Do you wonder why we previously said that HP’s just announced Elite x3 Windows 10 Mobile phone is the company’s “Surface Phone”? Well, it’s because the phone will bring support to virtualized legacy .NET and Win32 apps with its HP Workspace feature, as Mary-Jo Foley reported on ZDNet this week.
High-end Windows 10 Mobile devices like the Lumia 950 and the HP Elite x3 can use “Continuum” to connect to external screens and run universal Windows 10 apps in full screen, but it’s currently not possible to run legacy Windows apps in Continuum mode. That’s probably why many Windows Phone and Surface fans expect the rumored Surface Phone to feature an x86 Intel CPU that would enable legacy apps support in Continuum mode, but both Microsoft and HP are currently working on workarounds for phones using ARM chips.
First, Microsoft already released an update to its Remote desktop Preview app a few weeks ago to bring support for Windows 10 Mobile devices and Continuum, and you can already use this app on your Windows 10 Mobile phone to connect to a remote PC and use legacy apps running on it. But as it’s not exactly the most convenient solution, Microsoft is also currently working on Azure RemoteApp support, a new technology that will enable deployments of legacy Windows apps in the cloud to access from your phone.
On the HP side, the HP Elite x3 will be a high-end Windows phone targeted to professionals that will be able to connect to a desktop dock for Continuum as well to a “Mobile Extender” 12.5-inch laptop that will be dependent on the X3 for power. But as the phone will still feature an ARM chip (the latest Qualcomm Snapdragon 820), all these extensibility features will only enable support for Universal Windows 10 apps, just like the Lumia 950 currently does. But HP probably hopes that its “HP Workspace” technology will be the phone’s killer feature by allowing users to run virtualized legacy Windows apps, as Mary-Jo Foley explained:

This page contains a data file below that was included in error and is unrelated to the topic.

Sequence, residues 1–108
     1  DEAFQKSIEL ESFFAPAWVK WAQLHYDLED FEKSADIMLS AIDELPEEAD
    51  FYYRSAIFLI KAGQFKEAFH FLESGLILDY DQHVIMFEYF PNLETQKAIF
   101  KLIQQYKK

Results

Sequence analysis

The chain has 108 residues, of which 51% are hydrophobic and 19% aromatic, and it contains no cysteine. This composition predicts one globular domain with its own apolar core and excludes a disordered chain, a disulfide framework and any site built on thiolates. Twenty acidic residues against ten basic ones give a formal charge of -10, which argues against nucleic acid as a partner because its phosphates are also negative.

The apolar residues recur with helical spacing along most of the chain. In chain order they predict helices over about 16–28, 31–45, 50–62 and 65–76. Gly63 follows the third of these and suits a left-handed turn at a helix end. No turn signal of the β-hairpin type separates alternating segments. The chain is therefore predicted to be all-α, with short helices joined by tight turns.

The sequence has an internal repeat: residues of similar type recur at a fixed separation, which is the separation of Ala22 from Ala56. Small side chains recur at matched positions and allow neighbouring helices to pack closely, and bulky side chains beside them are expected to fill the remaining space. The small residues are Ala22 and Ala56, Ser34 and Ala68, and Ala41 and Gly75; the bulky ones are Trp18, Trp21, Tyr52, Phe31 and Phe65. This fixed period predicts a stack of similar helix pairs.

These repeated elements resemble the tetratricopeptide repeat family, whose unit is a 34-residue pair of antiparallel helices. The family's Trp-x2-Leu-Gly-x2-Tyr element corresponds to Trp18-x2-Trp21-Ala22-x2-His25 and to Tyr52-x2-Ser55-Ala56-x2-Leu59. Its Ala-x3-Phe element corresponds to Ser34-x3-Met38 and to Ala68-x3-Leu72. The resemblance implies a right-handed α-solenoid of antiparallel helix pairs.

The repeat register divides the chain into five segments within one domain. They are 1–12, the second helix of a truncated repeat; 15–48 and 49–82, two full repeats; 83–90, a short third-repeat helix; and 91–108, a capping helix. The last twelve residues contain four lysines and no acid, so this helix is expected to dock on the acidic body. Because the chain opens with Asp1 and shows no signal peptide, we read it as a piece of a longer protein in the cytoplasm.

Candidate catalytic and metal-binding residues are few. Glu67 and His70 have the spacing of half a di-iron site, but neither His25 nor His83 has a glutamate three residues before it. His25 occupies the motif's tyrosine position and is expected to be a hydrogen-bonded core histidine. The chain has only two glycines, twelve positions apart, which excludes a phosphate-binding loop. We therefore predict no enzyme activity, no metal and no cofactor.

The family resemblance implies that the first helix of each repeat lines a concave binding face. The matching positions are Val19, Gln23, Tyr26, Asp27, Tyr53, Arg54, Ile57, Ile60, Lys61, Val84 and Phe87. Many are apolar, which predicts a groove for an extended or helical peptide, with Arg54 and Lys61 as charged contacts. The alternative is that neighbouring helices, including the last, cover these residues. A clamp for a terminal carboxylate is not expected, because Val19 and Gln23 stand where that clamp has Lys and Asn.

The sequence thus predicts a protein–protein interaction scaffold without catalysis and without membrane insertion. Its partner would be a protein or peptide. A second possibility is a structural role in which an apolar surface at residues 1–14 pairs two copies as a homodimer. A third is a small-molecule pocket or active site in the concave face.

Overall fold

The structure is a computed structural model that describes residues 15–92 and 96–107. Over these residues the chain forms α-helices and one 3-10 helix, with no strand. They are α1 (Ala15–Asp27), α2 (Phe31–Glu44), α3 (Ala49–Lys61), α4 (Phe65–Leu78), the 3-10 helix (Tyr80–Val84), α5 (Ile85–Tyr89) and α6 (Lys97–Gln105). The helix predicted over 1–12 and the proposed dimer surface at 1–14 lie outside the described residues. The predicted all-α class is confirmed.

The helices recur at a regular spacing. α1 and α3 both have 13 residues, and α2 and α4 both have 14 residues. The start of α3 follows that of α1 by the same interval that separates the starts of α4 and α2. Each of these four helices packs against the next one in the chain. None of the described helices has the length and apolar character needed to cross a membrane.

HP Workspace is a client-side app that will enable administrators to manage a catalog of virtualized legacy apps for their end users that are based on their Active Directory profiles. Users will be able to access company-approved legacy apps when their Elite x3 phones are connected to the Desk Dock or Mobile Extenders, which are the components that allow users to use large-screen monitors and/or HP’s coming 12.5-inch notebook-style device.
HP Workspace will use Citrix app-virtualization or Azure RemoteApp underneath as the plumbing between the virtual machine environment and the Elite x3 client. It also will tap into other HP back-end services that will give IT a way to monitor, track and analyze client-side devices and applications through a series of predefined reports.
We don’t have many details on HP Workspace yet, but an HP spokesperson told Foley that a monthly subscription per user will be required to use the service, and Foley added that “the appropriate virtualization licensing for use of apps on a corporate network also must be in place”.
We expect HP Workspace to be a much-needed addition to Windows 10 Mobile that some professionals will embrace, and we’ll have to wait to see if Microsoft or other OEMs plan to bring legacy app support to Windows 10 Mobile on a larger scale.